- Dr. Gary Gereffi, Founding Director of the Duke Global Value Chains Center
- Dr. James Lewis, Senior Vice President and Director, Strategic Technologies Program, Center for Strategic and International Studies
- Dr. Dario Gil, Senior Vice President and Director, IBM Research
- Mr. William “Lex” Taylor III, Chairman of the Board and Chief Executive Officer, Taylor Group
- Mr. Richard Aboulafia, Vice President of Analysis, Teal Group
- Mr. John Miller, Senior Vice President of Policy and General Counsel, Information Technology Industry Council
Thursday, July 15, 2021
10:30 a.m. EDT
Full Committee (Hybrid)
This hearing will take place in the Russell Senate Office Building 253. Opening statements and a live video of the hearing will be available on www.commerce.senate.gov.
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Chair Maria Cantwell
U.S. Senator Maria Cantwell
Opening Statement at U.S. Senate Committee on Commerce, Science, and Transportation Hearing on Supply Chain Resiliency
Witnesses: Dr. Gary Gereffi, Founding Director of the Duke Global Value Chains Center; Dr. James Lewis, Senior Vice President and Director, Strategic Technologies Program, Center for Strategic and International Studies; Dr. Dario Gil, Senior Vice President and Director, IBM Research; Mr. William “Lex” Taylor III, Chairman of the Board and Chief Executive Officer, Taylor Group; Mr. Richard Aboulafia, Vice President of Analysis, Teal Group; Mr. John Miller, Senior Vice President of Policy and General Counsel, Information Technology Industry Council
July 15, 2021
Cantwell: Commerce, Science, and Transportation will come to order. Thank you all for being here. We have a distinguished group of witnesses today to talk about a very important issue to us in the United States of America; that is the state and competitiveness of our supply chain, and its resiliency for the future. Each one of our witnesses, the distinguished Dr. Gary Gereffi, Dr. James Lewis, Mr. Richard Aboulafia, Dr. Dario Gil, Mr. William Taylor, and Mr. John Miller, all offer a variety of perspectives on the importance of this issue. I can say for me in the state of Washington, aviation supply chain is something we're very proud of. More than 150,000 people work in that supply chain that continue to innovate and create new products that, as Mr. Aboulafia says in his testimony, that's where the innovation is happening in the supply chain.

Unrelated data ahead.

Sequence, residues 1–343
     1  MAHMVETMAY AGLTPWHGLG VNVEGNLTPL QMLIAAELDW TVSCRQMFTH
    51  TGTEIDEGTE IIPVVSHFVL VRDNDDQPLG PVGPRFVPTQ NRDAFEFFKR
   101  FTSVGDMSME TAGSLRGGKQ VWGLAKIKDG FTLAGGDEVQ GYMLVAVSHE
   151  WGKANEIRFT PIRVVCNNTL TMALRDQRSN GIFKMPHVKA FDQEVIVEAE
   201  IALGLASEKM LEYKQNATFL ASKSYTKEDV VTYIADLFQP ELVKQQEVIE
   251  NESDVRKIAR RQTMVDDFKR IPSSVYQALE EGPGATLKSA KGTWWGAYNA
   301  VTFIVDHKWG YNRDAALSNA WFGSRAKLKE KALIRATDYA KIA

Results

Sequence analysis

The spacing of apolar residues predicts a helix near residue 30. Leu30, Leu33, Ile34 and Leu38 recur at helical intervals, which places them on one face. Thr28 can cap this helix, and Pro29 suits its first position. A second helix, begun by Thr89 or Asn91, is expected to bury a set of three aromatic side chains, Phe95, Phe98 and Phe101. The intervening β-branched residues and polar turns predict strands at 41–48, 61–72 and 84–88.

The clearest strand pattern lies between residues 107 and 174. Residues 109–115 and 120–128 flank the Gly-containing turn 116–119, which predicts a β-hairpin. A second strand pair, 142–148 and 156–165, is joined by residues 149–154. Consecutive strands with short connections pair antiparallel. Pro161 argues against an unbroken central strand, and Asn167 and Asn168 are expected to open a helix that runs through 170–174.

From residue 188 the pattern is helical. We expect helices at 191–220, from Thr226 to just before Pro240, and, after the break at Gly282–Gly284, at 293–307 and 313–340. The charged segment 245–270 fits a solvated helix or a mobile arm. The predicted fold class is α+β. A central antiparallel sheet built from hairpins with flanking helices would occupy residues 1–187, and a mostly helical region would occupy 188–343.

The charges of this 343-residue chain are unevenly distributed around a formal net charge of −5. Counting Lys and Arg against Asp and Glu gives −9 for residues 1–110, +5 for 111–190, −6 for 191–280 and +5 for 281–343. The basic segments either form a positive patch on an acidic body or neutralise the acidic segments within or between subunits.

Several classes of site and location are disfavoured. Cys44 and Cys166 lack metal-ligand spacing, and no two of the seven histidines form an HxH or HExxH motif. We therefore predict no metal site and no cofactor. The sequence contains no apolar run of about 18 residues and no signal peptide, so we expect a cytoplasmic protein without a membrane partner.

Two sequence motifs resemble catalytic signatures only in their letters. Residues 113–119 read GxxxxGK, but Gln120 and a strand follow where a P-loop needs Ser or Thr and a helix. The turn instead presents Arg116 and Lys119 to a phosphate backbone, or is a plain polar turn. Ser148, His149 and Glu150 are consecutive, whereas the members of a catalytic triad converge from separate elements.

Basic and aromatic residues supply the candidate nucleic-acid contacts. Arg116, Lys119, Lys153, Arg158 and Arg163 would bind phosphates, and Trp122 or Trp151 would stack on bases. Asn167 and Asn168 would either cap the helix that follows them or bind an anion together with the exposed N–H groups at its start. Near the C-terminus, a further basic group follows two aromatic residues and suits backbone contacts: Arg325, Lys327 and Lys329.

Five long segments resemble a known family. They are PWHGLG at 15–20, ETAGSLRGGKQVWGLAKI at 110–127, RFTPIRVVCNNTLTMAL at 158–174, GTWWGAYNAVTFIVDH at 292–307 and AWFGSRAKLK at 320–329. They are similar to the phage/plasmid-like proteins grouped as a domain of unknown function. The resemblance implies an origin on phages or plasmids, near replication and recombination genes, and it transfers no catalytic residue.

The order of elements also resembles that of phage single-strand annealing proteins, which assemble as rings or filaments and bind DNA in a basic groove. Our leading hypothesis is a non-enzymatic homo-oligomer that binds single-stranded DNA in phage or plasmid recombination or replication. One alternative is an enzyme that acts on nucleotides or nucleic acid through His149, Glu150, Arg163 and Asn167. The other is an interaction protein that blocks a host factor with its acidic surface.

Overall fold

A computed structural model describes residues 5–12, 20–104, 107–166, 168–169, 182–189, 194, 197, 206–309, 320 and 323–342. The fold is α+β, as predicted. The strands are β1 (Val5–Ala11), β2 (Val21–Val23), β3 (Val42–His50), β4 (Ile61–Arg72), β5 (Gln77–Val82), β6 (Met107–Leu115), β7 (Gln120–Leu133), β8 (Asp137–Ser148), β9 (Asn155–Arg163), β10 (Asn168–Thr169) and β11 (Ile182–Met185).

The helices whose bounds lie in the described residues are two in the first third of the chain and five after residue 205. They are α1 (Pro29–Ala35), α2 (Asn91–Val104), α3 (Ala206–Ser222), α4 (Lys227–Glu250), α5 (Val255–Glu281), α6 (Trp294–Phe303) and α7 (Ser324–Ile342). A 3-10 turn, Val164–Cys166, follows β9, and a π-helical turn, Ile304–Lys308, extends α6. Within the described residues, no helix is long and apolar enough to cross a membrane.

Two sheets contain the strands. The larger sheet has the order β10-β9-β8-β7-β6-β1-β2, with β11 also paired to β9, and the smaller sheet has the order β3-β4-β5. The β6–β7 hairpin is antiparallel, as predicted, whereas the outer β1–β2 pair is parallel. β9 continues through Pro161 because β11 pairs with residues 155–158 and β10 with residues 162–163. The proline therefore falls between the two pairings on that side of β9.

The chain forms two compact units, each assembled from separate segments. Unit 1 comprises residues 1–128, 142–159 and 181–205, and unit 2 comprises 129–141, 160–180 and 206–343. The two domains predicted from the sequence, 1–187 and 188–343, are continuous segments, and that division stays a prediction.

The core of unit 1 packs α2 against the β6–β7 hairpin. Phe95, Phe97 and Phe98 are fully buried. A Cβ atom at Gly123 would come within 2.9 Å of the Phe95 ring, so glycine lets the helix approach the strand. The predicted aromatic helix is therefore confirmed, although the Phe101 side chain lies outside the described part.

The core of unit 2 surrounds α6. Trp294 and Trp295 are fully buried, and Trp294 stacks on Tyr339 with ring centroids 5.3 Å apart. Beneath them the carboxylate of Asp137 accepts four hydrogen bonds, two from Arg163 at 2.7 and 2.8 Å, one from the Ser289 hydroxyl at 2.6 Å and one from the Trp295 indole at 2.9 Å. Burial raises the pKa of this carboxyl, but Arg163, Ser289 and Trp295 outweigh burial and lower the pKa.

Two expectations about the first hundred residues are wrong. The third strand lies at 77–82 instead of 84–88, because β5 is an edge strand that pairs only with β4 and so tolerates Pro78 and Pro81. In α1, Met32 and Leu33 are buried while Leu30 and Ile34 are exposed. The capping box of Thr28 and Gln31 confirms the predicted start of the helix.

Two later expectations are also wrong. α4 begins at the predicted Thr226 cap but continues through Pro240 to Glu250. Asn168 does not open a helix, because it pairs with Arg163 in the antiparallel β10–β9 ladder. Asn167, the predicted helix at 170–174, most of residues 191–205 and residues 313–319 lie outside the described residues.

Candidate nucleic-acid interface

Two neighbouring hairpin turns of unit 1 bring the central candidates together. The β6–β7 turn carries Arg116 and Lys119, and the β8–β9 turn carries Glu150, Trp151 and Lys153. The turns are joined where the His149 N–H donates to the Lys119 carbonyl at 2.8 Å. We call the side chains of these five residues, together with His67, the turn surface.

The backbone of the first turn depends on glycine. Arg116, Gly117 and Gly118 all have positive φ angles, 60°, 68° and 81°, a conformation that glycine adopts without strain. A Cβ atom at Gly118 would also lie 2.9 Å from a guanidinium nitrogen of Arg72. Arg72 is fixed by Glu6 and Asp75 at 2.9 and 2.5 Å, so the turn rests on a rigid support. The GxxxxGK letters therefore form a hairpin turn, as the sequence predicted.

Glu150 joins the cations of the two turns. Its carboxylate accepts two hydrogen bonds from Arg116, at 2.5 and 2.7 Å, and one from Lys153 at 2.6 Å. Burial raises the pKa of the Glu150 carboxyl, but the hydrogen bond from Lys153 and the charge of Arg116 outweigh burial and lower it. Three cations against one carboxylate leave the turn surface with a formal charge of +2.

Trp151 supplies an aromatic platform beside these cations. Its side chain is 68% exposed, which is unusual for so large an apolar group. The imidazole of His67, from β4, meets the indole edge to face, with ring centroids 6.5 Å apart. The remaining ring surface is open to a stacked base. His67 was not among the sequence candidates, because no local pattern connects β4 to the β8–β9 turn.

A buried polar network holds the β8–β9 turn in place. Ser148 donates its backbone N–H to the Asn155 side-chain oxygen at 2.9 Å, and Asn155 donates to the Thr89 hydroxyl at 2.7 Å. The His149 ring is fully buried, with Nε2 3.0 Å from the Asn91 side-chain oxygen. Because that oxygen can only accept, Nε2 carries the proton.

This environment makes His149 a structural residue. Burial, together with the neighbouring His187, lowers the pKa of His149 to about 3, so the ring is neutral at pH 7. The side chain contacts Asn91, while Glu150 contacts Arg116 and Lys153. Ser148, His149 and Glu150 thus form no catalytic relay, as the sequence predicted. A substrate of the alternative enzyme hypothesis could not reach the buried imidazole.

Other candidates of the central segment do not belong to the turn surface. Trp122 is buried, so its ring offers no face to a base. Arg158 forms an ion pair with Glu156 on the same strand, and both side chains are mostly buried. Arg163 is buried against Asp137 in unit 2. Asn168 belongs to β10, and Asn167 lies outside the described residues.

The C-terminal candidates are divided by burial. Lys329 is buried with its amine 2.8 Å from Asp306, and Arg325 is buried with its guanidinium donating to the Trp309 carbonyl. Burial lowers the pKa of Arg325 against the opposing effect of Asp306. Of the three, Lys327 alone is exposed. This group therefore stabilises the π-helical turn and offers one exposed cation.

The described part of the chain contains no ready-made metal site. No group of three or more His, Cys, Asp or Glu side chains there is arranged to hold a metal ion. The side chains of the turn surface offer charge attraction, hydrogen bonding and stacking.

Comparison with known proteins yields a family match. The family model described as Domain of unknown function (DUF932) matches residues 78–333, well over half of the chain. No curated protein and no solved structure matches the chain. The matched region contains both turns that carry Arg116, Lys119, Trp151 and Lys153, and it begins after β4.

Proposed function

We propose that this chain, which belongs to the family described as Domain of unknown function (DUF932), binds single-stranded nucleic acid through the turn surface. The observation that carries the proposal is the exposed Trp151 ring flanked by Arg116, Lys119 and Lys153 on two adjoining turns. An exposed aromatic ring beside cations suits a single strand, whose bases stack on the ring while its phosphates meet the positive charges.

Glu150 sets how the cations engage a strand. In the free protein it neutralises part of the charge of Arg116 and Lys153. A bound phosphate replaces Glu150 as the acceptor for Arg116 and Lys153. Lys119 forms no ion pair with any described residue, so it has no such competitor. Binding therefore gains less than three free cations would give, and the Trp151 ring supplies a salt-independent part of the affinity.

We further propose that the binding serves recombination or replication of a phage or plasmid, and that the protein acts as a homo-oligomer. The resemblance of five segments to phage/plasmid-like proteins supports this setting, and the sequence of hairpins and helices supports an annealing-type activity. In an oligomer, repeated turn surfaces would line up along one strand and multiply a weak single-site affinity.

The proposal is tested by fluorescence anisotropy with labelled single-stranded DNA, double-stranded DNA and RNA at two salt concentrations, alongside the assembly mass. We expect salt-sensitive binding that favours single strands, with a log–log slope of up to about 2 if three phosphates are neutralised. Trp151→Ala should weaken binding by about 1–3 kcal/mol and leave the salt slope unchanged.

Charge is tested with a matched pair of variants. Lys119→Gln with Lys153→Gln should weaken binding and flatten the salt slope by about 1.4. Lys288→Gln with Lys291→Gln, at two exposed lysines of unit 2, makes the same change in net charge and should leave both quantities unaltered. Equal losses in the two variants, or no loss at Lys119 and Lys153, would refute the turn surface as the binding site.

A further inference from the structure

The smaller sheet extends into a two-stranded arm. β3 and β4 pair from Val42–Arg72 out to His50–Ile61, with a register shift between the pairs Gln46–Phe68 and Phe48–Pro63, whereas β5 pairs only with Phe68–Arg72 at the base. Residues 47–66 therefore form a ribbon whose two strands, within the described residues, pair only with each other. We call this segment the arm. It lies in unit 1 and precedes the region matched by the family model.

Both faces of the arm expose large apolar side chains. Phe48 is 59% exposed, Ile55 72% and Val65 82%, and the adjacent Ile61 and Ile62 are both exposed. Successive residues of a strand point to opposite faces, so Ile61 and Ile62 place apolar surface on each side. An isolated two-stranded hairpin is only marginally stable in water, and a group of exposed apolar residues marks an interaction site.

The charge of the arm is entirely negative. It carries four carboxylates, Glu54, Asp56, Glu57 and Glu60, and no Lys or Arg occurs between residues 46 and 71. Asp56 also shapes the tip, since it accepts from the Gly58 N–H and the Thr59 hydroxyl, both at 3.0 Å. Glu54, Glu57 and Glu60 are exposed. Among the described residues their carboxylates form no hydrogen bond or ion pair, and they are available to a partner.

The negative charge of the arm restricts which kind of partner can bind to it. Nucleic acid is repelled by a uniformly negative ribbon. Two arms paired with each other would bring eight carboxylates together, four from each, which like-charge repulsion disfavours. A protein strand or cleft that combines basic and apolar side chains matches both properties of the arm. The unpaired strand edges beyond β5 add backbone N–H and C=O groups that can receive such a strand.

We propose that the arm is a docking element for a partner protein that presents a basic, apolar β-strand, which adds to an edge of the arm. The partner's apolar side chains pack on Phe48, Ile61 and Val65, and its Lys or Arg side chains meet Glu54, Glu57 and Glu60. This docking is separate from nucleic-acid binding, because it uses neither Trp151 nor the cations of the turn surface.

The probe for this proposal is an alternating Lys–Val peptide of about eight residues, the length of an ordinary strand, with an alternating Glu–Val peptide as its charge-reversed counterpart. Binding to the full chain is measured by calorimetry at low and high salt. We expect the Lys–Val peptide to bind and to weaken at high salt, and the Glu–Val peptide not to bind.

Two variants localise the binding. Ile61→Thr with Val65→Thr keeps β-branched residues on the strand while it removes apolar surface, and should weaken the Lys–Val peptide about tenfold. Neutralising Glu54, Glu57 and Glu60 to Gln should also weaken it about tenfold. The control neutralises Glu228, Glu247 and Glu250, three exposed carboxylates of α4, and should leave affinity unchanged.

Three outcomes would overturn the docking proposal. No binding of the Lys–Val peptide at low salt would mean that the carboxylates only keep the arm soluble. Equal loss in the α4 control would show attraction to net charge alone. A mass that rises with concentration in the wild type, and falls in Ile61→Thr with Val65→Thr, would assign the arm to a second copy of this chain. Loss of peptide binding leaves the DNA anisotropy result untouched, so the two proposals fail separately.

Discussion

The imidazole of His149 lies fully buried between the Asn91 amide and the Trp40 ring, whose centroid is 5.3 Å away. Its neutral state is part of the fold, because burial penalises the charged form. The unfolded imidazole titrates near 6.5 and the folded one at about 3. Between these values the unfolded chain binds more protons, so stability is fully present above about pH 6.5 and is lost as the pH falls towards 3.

That is why we just recently passed the now called U.S. Innovation and Competitiveness Act, USICA, that we are trying to negotiate with our House colleagues, because we believe in making an increased investment in the supply chain. So I'm sure we're going to hear today about the challenges we face in the semiconductor sector, an aspect of our supply chain, which we saw great shifts over the last several decades, and the consequence is obviously less jobs in the United States of America. So needless to say, I think Congress has caught on that the supply chain is key to our economic strategy, and that a robust supply chain in the United States of America means we're going to continue to have robust employment in the United States of America. Without the resiliency of the supply chain, it could be complicated, given the experience of COVID, as to whether products can be delivered in a timely fashion, whether our services and security could be impacted, and just how important it is that we have a strategy for a global economy in which a variety of products and services can be delivered in a much more competitive fashion than in the past. That means the investments that the Department of Commerce should make are important.
USICA took several steps to contribute to the resiliency of the supply chain, incentivize domestic semiconductor manufacturing, and establish a Supply Chain Resiliency and Response Office within the Department of Commerce. It makes tremendous investment in the Department of Commerce, National Science Foundation, Department of Energy to support R&D and translating inventions into products creating regional technology hubs and expanding the workforce and our innovation economy. And these important facilities, like our Pacific Northwest National Laboratory, can help with spin-offs of new technology that become critical parts of our R&D and domestic supply chain. Also, our NIST funded manufacturing extension programs can help in working with developing resiliency and supply chain strategies so that we continue to have not just potential customers, and supply chain connectors, but understanding, again, how we can best innovate and stay competitive.